Sakinah Omar Sakinah Omar

Name: Sakinah Omar   

Position: Tobacco Cessation Health Educator, Tobacco Quit Coach

Division/Program in department: Employee Occupational Health & Wellness/LIVE FOR LIFE

Start date: Nov. 1, 2018

Years at Duke: Summer 2009; 2013-2016; November 2018-present

Where I worked prior to accepting this role: UNC-Chapel Hill, Adjunct Clinical Instructor/Counselor

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Britta Weed, PA-S Britta Weed, PA-S

“You’re shy?” I remember my new freshman college roommate asking me. We were discussing what course of study each of us was pursuing, and the conversation had focused on why I had chosen to study medical laboratory science. In all honesty, I had chosen the major because I liked the idea of working by myself, away from people.

Now, almost 10 years later, I ask myself, “How is it that a shy lab tech is so excited about patient care?” I have worn many different hats in my life, but the one that I am currently wearing, that of a physician assistant student, has been one of the most rewarding ones so far. That is because I am doing the one thing that I was so hesitant to do when I was a freshman in college: work with people.

So, how did the tides change enough for me to decide to pursue a career where you interact with patients nearly all day, every day? The answer lies within the power of human connection. The relationship that occurs when people openly express their vulnerability, in the context of health care, pulled me out of my shell.

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Rafia Rebeck Rafia Rebeck, MA, LPC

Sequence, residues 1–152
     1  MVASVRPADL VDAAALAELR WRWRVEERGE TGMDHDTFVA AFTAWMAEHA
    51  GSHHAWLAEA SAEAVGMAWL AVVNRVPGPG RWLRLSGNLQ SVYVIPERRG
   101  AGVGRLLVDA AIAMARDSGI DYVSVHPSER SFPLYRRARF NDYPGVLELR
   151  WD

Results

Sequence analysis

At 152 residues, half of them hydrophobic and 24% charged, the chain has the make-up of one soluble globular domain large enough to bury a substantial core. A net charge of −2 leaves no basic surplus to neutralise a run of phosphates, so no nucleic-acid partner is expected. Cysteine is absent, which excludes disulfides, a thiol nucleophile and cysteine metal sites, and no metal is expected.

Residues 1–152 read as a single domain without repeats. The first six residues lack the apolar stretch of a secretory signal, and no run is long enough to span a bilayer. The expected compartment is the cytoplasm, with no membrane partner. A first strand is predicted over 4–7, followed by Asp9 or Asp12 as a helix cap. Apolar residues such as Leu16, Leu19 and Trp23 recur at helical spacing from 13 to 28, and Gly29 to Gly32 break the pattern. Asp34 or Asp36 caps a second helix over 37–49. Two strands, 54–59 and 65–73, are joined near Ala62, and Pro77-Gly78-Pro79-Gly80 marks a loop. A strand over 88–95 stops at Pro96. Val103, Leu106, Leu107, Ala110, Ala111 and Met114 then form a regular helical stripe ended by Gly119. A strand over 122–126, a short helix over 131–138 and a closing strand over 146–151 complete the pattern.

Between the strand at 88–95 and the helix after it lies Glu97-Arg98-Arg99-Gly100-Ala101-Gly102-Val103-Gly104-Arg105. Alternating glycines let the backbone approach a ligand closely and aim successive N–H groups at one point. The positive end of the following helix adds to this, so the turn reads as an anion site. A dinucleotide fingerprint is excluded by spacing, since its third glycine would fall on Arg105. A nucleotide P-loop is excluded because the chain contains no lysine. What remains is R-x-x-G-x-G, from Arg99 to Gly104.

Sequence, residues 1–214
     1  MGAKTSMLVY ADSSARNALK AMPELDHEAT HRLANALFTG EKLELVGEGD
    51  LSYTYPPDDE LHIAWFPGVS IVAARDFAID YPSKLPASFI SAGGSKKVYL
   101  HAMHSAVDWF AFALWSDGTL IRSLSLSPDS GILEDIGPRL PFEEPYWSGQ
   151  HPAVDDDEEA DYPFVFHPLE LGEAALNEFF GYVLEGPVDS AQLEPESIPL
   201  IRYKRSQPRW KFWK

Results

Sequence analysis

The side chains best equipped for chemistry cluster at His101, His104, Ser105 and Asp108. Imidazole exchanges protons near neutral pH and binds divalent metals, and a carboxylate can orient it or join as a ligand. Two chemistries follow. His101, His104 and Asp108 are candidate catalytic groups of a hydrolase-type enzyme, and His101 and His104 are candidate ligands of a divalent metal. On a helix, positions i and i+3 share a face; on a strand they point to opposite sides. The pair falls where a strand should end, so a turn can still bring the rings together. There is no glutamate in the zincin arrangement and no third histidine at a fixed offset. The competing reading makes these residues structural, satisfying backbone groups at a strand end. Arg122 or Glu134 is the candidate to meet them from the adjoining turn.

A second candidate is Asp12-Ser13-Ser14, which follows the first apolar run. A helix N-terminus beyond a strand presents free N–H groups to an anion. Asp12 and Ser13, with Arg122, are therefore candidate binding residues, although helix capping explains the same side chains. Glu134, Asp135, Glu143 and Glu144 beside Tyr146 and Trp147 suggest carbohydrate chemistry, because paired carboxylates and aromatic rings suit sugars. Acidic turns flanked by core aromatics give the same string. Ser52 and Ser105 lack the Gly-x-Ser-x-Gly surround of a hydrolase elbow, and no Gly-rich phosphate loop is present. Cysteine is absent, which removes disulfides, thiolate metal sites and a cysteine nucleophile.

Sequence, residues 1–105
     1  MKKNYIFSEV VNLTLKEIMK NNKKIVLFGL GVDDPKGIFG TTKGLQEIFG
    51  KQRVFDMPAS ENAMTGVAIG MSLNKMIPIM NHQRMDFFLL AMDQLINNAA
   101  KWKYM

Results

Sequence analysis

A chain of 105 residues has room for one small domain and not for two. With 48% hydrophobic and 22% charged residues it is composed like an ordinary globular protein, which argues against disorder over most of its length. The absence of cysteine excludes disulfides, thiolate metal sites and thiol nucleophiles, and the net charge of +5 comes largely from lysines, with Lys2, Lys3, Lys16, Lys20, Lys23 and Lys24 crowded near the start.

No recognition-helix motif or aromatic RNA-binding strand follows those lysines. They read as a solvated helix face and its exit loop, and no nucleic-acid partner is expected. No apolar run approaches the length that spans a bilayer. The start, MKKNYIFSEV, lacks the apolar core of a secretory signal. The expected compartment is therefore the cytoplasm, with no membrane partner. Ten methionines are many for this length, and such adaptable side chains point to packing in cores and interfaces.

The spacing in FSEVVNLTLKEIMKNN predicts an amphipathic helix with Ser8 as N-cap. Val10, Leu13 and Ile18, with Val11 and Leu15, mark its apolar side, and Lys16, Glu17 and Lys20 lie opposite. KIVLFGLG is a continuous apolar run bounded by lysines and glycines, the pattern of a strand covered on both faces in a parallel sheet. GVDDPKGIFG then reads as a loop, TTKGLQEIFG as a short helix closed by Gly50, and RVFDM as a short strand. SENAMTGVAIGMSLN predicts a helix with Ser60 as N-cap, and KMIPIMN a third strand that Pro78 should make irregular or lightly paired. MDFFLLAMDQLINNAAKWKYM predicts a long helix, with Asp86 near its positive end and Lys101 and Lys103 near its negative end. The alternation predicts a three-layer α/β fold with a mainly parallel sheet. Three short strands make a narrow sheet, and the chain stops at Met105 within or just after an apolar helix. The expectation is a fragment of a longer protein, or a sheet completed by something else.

Name: Rafia Rebeck, MA, LPC

Position: Counselor

Division/Program in department: PAS (Duke Personal Assistance Service)

Start date: 4/1/18 (as a contract employee), 11/12/18 (as full-time)

Where I worked prior to accepting this role: As a private practice counselor in Boulder, CO

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Patrick Whitman Patrick Whitman, PA-S

It’s a question we remember being asked from our earliest memories: What do you want to be when you grow up? (For me, I wanted to be a fighter pilot.) It’s a ridiculous question to ask a child, but gets more serious as you work your way into adulthood. Deciding what career you want will help determine where you study, where you live and the people you will call your peers.

You’re asked a similar question in PA school: What do you want to specialize/practice in? As a first-year student, you have ideas of the type of medicine you might want to practice. Some of us are adamant about working in a specific field from Day 1, while others don’t know. The truth of the matter is that a new PA student is as prepared to answer that question as a child is to know what they want to be when they grow up.

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Janaka Lagoo, MD, MPH Janaka Lagoo, MD, MPH

In getting the opportunity to write this blog, my brainstorming list of topics started to grow. And so I moved from a café napkin to an actual piece of paper. Possible topics included:

How can reverse innovation be championed and scaled in global health?
How can doctor well-being be prioritized from training to practice?
How can we move from buzzwords to lasting action in comprehensively tackling social determinants of health?

The list continued, and I’m already looking forward to more reflection and writing. For now, though, I keep returning to the old adage: start with your story.

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